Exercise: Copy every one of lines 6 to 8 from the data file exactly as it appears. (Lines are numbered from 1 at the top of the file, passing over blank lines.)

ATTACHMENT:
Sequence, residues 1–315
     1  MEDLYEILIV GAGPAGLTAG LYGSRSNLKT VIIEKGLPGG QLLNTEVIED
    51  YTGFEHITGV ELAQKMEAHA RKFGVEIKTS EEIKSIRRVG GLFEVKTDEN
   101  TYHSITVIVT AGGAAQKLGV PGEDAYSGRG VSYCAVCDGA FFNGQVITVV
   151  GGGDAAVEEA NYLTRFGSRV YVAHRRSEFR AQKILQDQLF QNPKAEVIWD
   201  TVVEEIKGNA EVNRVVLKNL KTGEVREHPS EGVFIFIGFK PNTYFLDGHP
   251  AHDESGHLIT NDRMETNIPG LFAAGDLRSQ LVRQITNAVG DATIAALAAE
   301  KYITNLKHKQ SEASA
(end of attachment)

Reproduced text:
   201  TVVEEIKGNA EVNRVVLKNL KTGEVREHPS EGVFIFIGFK PNTYFLDGHP
   251  AHDESGHLIT NDRMETNIPG LFAAGDLRSQ LVRQITNAVG DATIAALAAE
   301  KYITNLKHKQ SEASA